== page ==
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Jaime Weston, VP of Brand & Creative for the NFL, says the league pulled together on its brand only after consulting its MVPs: the fans.
"We did a lot of work with our fans to understand our brand essence, which comes down to three words: intense, meaningful, and unifying."
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Jaime Weston, VP of Brand & Creative for the NFL, says the league pulled together on its brand only after consulting its MVPs: the fans.

"We did a lot of work with our fans to understand our brand essence, which comes down to three words: intense, meaningful, and unifying."

Read More>

Cramming in a mind-melting series of visual allusions, the $3 million WTC logo is also an ad.
The World Trade Center has a new logo. Part of a $3.57 million branding endeavor, it’s a riff on space and negative space, presence, and absence. It’s like a Rubin vase test, playing tricks on the eye and asking viewers to see what they want to see. Which would almost be poetic if not for the fact that it could also be read as an ad for a luxury shopping mall.
Read More>

Cramming in a mind-melting series of visual allusions, the $3 million WTC logo is also an ad.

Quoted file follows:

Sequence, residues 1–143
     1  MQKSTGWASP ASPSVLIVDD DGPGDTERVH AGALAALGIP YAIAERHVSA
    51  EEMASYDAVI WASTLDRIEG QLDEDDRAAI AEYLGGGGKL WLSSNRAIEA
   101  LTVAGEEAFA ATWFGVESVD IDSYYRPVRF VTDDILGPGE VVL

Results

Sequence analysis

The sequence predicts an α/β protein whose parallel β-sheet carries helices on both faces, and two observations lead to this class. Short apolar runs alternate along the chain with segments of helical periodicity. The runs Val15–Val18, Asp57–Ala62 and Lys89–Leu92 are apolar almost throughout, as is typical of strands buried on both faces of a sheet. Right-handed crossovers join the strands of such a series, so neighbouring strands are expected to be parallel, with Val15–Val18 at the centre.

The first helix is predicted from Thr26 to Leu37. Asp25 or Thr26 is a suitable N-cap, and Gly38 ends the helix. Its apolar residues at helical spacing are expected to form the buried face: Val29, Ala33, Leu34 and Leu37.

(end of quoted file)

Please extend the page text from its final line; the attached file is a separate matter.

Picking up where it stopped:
The World Trade Center has a new logo. Part of a $3.57 million branding endeavor, it’s a riff on space and negative space, presence, and absence. It’s like a Rubin vase test, playing tricks on the eye and asking viewers to see what they want to see. Which would almost be poetic if not for the fact that it could also be read as an ad for a luxury shopping mall.

Read More>

A Dutch designer imagines a better way to brand the Korean giant.
For 21 years, the Samsung name as served as the company logo, occasionally superimposed over a wobbly blue oval. It’s the kind of logo that’s fine on washing machines and televisions, but incredibly boring on something personal, like a smartphone. Never is this more apparent than when compared to the branding of Samsung’s arch-enemy in Cupertino, which is simply the silhouette of an apple.
Regardless, Samsung sells more smartphones and tablets than even Apple does. Doesn’t it deserve branding just as good?
Read More>

A Dutch designer imagines a better way to brand the Korean giant.

For 21 years, the Samsung name as served as the company logo, occasionally superimposed over a wobbly blue oval. It’s the kind of logo that’s fine on washing machines and televisions, but incredibly boring on something personal, like a smartphone. Never is this more apparent than when compared to the branding of Samsung’s arch-enemy in Cupertino, which is simply the silhouette of an apple.

Regardless, Samsung sells more smartphones and tablets than even Apple does. Doesn’t it deserve branding just as good?

Read More>